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July 2023 – Link Lines

Almost 50 years ago, the Education for all Handicapped Children Act (Public Law 94-142, 1975) established a federal mandate for public schools to provide a free appropriate public education (FAPE) to all children with disabilities (Section 504 of the Rehabilitation Act, 1973). Prior to 1975, students with disabilities were either excluded from public schools entirely or provided with inadequate services (United States Department of Education [USED], 2020). The current iteration of the law is known as the Individuals with Disabilities Education Act (IDEA, 2004). In the 48 years since the initial legislation was authorized, the provision of specialized educational services designed to meet the unique needs of students with disabilities has steadily moved towards more inclusive practices providing access to the general education curriculum.

Today, it has been established that the default placement for students with disabilities is in the general education classroom with their nondisabled peers (USED, 2011). School leaders are responsible for creating conditions that provide students with disabilities access to the general education setting and curriculum where they are expected to make meaningful progress. The Individualized Education Program (IEP) is the document used to establish goals and monitor progress for each student eligible for special education under IDEA. Meaningful progress is now measured against the Endrew Standard (Endrew, F. v. Douglas County School District, 2017). This new standard has raised expectations for schools serving students with disabilities. In this landmark Supreme Court decision, the justices unanimously determined that schools must “set out a plan for pursuing academic and functional advancement” (Endrew F., 2017, p. 11) and “offer an IEP reasonably calculated to enable a child to make progress” (p. 16).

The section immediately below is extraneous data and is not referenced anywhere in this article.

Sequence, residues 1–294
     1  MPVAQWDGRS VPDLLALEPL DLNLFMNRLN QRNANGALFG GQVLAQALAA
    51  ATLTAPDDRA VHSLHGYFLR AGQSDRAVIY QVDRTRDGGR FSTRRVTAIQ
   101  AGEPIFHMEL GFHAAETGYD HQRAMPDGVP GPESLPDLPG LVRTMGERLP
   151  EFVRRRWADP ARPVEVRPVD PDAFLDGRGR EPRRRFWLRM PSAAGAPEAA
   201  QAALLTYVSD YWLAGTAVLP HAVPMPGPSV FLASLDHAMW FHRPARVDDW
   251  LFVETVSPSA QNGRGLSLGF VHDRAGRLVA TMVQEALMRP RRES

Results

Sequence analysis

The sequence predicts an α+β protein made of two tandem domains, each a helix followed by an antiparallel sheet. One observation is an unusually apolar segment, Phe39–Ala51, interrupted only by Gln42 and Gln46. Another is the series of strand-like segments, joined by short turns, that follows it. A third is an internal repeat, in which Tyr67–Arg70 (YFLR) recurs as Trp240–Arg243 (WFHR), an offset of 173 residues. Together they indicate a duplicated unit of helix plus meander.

Prior to the Endrew Standard, school divisions were guided by the Rowley Standard which only required schools to provide services resulting in minimal student progress (Rowley, 1982). Under Endrew, schools are required to develop and implement IEPs that are designed to close skill gaps and result in appropriately ambitious progress for each student with a disability. While a student’s unique strengths and needs are still expected to drive decision making, it is no longer acceptable to hold low expectations for students served under IDEA.

It is important for school leaders to understand that “inclusion goes beyond physical presence or access to general education settings” (Virginia Department of Education [VDOE], 2019, p.8). Placing students in general education classrooms does not automatically satisfy the requirement that schools provide unique, individualized instruction that is progress monitored and collaboratively adjusted based on the strengths and needs of each student (USED, 2017). Students with disabilities should have appropriately challenging IEP goals designed to close specific skill gaps. Inclusive school leaders establish expectations and practices ensuring that students with disabilities have access to, and make progress in, the general education curriculum.